North Bend Film Festival 2018: My Name is Myeisha

December 28, 1998. Nineteen year old Tyisha Miller pulls over to the side of the road on account of having a flat tire. Her friend and cousin leave to go call for help and when they return, Tyisha has passed out, and they call the police for help. When help arrives, the situation escalates, as they find Tyisha incapacitated with a loaded gun, and an altercation commences leaving the young woman dead after the police land twelve gunshots, four to her head.

My Name is Myeisha (Dir. Gus Krieger)

My Name is Myeisha is based on the stage play Dreamscape, in which each of the bullets striking the young woman trigger memories, spilling out before us a grand narrative of who she was and what we lost upon her death. This translation holds to the staged format, an account of all twelve bullets that landed, where they have entered the body and the damage they’ve done, and the memories they might’ve awoken before her death. The story is presented by the victim in the style of beatbox and slam poetry, with backup by a man who takes multiple forms as the police and the coroner.

It has an effective method that provokes genuine emotion. What is most moving is finding out about the people whom we lost. No, she is not only a victim of widespread police brutality. She was a loving part of a family trying to make her own way in society. She planned dance routines to the hip-hop of the time with her girlfriends. She played baseball and was a pretty good athlete. She loved Barbeque joints but not the prison issue white bread that came with the meals to soak up the ‘que sauce. These are the details that made my heart ache for our great losses.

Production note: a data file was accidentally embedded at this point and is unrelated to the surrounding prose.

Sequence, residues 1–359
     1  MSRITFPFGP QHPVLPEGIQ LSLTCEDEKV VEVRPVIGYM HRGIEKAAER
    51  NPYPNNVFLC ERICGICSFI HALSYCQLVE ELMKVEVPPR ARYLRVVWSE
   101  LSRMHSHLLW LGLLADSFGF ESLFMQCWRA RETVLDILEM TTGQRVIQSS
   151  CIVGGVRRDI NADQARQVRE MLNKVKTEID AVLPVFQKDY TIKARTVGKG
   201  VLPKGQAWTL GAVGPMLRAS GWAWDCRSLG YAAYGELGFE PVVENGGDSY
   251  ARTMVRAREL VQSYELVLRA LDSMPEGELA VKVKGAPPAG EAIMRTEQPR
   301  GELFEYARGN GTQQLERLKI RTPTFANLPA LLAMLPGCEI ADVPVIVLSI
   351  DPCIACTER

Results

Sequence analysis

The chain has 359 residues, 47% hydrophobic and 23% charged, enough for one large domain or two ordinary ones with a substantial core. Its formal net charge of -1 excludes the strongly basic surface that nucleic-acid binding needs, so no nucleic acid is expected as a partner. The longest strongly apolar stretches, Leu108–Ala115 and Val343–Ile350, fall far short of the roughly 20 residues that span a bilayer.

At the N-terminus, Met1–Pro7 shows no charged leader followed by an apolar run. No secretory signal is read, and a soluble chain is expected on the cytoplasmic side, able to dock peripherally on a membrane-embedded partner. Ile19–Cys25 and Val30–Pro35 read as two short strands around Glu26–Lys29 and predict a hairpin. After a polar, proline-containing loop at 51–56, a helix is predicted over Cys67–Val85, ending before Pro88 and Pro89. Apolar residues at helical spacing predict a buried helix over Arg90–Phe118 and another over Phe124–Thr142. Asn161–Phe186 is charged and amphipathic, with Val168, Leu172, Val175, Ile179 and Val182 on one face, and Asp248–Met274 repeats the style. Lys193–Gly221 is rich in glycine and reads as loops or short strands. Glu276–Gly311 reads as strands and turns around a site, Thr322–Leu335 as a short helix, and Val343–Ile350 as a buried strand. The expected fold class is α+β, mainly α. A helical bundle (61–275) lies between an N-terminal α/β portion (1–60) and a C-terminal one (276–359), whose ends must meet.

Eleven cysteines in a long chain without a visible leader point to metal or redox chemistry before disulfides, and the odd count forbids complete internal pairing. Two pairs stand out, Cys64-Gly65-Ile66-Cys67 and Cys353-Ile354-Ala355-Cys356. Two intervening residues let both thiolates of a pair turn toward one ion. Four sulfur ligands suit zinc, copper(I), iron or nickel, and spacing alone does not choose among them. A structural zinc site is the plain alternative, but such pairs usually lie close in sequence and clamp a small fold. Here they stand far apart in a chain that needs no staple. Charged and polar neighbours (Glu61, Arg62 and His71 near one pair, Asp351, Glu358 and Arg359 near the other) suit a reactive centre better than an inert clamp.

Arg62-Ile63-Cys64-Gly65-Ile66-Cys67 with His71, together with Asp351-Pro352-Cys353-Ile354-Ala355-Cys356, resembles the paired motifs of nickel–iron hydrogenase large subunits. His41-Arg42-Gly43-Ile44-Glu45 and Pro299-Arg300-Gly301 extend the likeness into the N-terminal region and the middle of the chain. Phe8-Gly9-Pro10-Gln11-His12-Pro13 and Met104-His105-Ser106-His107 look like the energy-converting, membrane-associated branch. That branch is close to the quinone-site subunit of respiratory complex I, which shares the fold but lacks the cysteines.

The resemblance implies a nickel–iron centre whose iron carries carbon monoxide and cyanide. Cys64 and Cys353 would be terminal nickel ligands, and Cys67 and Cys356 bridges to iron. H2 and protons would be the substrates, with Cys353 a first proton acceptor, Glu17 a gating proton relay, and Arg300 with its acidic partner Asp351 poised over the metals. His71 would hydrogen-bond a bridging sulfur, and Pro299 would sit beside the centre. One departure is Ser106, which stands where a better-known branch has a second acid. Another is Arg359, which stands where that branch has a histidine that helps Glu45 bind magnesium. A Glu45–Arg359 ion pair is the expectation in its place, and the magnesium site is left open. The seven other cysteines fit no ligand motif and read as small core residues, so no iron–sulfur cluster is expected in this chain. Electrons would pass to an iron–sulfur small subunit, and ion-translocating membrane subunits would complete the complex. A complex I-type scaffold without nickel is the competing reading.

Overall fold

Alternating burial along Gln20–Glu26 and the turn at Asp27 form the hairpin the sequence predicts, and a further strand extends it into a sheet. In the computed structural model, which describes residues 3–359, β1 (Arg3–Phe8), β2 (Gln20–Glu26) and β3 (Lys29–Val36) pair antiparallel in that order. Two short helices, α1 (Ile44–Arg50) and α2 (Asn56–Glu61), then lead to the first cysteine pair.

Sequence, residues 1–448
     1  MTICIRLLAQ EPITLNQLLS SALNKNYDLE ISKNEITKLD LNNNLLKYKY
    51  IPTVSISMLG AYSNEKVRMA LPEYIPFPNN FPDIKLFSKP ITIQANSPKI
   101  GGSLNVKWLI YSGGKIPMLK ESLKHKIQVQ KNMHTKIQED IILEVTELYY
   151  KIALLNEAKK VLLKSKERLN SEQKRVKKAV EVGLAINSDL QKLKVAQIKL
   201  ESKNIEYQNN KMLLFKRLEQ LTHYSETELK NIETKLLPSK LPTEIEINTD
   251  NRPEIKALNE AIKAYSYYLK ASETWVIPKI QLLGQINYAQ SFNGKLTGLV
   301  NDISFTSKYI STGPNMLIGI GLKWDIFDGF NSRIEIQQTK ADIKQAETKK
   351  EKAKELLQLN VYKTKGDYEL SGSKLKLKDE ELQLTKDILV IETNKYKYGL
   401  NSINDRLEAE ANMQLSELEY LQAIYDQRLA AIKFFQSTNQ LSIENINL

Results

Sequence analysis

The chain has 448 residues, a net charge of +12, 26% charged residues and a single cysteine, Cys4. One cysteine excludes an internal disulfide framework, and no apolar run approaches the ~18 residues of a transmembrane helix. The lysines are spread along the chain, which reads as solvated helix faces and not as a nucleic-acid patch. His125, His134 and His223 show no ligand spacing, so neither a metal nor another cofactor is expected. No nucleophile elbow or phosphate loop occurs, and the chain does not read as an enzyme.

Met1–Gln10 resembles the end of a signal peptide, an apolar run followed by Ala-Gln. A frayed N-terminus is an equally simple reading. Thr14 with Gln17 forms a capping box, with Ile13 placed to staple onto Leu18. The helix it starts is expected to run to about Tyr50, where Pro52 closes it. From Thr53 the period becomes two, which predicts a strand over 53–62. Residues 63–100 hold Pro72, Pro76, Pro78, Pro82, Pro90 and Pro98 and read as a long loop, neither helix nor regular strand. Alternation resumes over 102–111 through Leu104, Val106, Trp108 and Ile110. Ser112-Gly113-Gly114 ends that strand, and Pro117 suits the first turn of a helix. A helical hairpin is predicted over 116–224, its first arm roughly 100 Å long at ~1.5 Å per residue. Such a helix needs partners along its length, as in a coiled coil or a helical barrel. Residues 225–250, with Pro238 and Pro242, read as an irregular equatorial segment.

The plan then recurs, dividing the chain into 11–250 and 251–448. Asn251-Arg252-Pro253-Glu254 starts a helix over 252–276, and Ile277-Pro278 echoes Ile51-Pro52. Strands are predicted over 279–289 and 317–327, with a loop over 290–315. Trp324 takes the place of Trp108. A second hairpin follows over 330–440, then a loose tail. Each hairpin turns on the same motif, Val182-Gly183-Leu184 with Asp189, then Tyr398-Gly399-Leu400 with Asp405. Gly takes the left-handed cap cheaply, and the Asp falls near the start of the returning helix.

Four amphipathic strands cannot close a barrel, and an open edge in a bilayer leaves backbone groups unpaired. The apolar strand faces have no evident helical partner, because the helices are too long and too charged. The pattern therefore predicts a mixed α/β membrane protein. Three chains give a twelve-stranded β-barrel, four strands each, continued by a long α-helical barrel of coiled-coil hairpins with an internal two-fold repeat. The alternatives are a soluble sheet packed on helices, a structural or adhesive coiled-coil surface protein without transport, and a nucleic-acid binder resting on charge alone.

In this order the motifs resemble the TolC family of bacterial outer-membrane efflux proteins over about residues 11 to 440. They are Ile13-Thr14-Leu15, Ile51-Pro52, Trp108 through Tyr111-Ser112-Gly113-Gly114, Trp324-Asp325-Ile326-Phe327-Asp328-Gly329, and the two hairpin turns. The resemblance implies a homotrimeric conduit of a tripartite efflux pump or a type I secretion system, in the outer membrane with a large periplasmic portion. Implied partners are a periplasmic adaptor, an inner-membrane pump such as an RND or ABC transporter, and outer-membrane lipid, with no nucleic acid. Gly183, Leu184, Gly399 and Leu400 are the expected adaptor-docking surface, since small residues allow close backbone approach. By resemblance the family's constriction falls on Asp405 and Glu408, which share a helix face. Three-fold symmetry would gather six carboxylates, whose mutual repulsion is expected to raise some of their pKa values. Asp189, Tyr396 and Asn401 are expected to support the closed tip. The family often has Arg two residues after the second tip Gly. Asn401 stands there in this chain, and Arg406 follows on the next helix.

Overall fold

My Name is Myeisha (Dir. Gus Krieger)

Emphasis is provided through resounding repetition. The officer knocking at her window as she sits unconscious but genuflecting in her dream-state about what’s happening around her. She narrates continually for emphasis, “So I’m strapped with my gat at Central & Brockton, .38 in my lap in case I get rocked on.” The rhyme schemes remain straightforward and instructive; they level absurd losses into tight rhythms to help us cope. “Ever have one of those dreams, where nothing comes out when you try to scream?”

Its stage origins show through often. There is no mistaking how this would feel on a stage. It hasn’t taken any greater aims at elaborating the vision into a motion picture except through abstractions and fluidity alone. It is, however, a good experiment of style, a resounding and emotive piece of poetic filmmaking that hurts when it lands exactly as intended.


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